Somalia Partners with AfDB in Bold $35 Million Climate Risk Financing Initiative

Nairobi (AX) — Somalia has hopped aboard a $35 million climate disaster risk project spearheaded by the African Development Bank Group (AfDB) to bolster resilience against climate upheavals. The venture, which encompasses Comoros, Djibouti, and South Sudan, was inked during AfDB’s 2024 Annual shindig in Nairobi.

The Multi-National Climate Disaster Risk Financing Initiative, given the green light on May 3, 2024, via AfDB’s Africa Disaster Risk Financing Programme (ADRiFi), aspires to nurture a welcoming ecosystem for climate risk financing tools. It also seeks to amp up the use of organized climate risk solutions and fortify adaptation and resilience to climate hazards in the involved nations.

Somalia’s Finance Boss Bihi Iman Egeh, alongside counterparts from Comoros, Djibouti, and South Sudan, signed the pact. AfDB’s Dr. Beth Dunford penned her name on behalf of the Bank Group. The occasion also saw the presence of the Bank’s East Africa Head Honcho, Nnenna Nwabufo, and African Risk Capacity (ARC) CEO, Lesley Ndlovu. The ARC is the gear-turner of the ADRiFi program.

The Africa Disaster Risk Financing Initiative’s Multi-Donor Trust Fund backs disaster insurance for African nations to cushion the blow from climate extremities. In tandem with African Risk Capacity Ltd., these funds push for parametric insurance and sundry climate risk management gadgets across the continent.

Since its inception in 2018, ADRiFi has aided 16 African nations with know-how and skills upgrading. The program has ushered countries into the Sovereign Risk Pool managed by African Risk Capacity, shelling out over $100 million on benefiting nations. It has safeguarded over five million souls against harsh droughts and cyclones, while also spicing up anticipatory planning for climate calamities.

The AfDB’s 2024 Annual Meetings, rolled out from May 27 to 31 in Nairobi, gravitate around revamping Africa’s financial frameworks for socio-economic metamorphosis. The agenda includes funding Africa’s shift, evaluating the continent’s natural riches, and grappling with stubborn issues like poverty, inequality, and shoddy infrastructure.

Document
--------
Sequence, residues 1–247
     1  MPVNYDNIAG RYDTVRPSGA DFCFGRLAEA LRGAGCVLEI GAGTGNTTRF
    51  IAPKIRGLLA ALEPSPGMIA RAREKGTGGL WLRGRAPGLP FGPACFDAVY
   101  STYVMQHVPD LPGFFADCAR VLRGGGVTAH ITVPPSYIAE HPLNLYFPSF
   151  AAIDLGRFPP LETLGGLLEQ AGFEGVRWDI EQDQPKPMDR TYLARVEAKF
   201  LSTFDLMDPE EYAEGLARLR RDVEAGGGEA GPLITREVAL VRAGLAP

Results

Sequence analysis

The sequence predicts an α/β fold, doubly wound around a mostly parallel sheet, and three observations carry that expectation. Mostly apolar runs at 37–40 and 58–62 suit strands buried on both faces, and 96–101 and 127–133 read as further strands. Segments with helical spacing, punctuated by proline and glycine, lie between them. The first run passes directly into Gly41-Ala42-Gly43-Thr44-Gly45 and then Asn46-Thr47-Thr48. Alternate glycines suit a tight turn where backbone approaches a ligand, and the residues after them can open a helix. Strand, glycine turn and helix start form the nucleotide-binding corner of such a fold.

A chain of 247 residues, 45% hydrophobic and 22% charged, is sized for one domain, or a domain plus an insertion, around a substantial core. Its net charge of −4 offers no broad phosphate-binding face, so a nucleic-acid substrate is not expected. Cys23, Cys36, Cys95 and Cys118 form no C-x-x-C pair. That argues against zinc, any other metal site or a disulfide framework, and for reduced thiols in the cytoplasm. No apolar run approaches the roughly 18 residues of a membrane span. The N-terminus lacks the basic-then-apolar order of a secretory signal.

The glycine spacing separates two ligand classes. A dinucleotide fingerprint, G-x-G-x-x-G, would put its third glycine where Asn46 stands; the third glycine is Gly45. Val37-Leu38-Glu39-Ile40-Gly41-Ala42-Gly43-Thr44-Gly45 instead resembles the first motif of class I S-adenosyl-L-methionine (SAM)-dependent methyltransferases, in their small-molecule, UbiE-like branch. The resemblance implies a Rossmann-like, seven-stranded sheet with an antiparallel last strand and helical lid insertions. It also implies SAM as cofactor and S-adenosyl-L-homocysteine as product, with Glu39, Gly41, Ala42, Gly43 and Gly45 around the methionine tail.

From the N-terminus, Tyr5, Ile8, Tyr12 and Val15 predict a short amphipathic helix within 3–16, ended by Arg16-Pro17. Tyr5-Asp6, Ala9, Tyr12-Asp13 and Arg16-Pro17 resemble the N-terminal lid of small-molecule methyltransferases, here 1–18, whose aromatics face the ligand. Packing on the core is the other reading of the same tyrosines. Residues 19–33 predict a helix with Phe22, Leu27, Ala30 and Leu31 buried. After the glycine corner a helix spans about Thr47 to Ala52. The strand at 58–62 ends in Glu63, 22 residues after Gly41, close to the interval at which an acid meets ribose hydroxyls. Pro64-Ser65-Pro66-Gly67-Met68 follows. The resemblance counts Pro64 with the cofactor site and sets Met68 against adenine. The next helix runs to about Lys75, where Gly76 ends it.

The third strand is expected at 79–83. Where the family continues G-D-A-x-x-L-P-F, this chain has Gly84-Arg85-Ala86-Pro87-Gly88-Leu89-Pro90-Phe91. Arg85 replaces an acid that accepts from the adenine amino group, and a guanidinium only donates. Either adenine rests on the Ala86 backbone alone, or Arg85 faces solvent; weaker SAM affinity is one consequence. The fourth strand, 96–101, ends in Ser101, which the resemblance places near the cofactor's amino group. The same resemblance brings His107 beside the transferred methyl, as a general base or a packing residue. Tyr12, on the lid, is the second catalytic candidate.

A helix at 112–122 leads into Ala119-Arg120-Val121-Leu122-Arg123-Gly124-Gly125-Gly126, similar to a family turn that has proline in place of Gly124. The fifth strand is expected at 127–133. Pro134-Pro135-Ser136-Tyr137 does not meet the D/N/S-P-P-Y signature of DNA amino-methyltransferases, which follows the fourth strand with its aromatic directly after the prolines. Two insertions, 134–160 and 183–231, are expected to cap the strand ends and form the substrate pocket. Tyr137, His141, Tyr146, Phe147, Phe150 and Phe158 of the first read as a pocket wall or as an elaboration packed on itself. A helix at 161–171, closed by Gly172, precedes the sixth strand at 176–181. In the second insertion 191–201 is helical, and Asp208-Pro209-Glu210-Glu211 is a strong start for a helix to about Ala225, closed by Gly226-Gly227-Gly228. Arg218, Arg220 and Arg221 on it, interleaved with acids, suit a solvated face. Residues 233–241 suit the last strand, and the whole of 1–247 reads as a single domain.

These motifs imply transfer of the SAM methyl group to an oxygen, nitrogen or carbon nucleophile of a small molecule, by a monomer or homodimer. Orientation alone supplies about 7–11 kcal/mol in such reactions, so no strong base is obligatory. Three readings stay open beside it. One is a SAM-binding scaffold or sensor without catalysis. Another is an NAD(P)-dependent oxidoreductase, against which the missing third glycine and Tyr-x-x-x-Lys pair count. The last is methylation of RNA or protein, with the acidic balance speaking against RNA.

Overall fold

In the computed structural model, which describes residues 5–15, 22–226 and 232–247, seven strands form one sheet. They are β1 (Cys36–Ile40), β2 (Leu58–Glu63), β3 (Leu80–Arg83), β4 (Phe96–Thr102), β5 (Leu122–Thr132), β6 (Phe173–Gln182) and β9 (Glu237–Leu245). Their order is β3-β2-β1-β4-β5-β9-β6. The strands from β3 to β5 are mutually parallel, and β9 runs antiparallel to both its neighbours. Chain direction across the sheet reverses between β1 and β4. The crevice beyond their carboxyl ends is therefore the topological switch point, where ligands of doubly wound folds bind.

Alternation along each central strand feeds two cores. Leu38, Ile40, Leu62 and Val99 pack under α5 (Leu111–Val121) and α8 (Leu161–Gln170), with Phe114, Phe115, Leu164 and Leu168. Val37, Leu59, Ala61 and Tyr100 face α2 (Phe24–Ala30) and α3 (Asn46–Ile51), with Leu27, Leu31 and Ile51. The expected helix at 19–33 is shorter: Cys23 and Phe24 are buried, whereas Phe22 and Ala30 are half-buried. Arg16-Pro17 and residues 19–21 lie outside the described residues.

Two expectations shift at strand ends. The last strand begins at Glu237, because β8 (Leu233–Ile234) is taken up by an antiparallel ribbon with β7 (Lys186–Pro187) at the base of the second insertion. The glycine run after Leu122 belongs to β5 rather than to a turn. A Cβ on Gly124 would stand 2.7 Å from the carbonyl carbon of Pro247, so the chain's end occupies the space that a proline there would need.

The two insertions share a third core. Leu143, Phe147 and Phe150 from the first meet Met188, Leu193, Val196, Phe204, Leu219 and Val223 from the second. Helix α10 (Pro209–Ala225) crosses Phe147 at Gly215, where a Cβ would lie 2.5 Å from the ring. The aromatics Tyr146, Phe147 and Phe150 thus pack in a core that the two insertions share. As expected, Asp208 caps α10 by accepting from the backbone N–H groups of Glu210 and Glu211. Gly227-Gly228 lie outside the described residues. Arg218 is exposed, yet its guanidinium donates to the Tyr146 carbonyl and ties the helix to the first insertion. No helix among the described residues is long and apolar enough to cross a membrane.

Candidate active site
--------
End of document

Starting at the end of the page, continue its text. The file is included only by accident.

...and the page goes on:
Somali President Hassan Sheikh Mohamud showed up at the meetings, where topics such as “Africa’s Transformation” and revamping the global financial order took center stage. Despite an annual GDP growth leap of 4.3% from 2000 to 2022, Africa still confronts a hefty financial chasm in clinching the Sustainable Development Goals by 2030.

In a complementary twist, the AfDB shelled out $18 million to Somalia for climate change relief during these confabs. This is a welcome boon for Somalia, which has borne the brunt of regular droughts. “We’re elated to nail down $18 million from the African Development Bank. The entire project’s purse is $35 million, with Somalia pocketing more than half. These funds will battle droughts and floods while jacking up agricultural yield,” proclaimed Finance Minister Bihi Iman Egeh.

Across the Horn of Africa, the brutal drought from October 2020 to December 2022 hit over 19.4 million folks and clobbered at least 7 million livestock. ADRiFi aims to tackle such calamities by offering pivotal financial and technical aid to susceptible countries.

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